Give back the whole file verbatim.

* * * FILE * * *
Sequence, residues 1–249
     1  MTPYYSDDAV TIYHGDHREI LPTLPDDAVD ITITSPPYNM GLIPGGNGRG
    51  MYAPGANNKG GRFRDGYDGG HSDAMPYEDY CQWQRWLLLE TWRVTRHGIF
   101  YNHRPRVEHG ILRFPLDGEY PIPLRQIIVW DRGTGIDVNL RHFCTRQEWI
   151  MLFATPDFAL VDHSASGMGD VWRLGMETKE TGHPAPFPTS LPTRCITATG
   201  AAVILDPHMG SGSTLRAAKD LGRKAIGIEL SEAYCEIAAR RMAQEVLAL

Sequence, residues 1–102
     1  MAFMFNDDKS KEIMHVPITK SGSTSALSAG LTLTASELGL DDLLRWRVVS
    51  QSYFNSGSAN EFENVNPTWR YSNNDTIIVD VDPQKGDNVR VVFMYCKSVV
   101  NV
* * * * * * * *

Sequence, residues 1–249
     1  MTPYYSDDAV TIYHGDHREI LPTLPDDAVD ITITSPPYNM GLIPGGNGRG
    51  MYAPGANNKG GRFRDGYDGG HSDAMPYEDY CQWQRWLLLE TWRVTRHGIF
   101  YNHRPRVEHG ILRFPLDGEY PIPLRQIIVW DRGTGIDVNL RHFCTRQEWI
   151  MLFATPDFAL VDHSASGMGD VWRLGMETKE TGHPAPFPTS LPTRCITATG
   201  AAVILDPHMG SGSTLRAAKD LGRKAIGIEL SEAYCEIAAR RMAQEVLAL

Sequence, residues 1–102
     1  MAFMFNDDKS KEIMHVPITK SGSTSALSAG LTLTASELGL DDLLRWRVVS
    51  QSYFNSGSAN EFENVNPTWR YSNNDTIIVD VDPQKGDNVR VVFMYCKSVV
   101  NV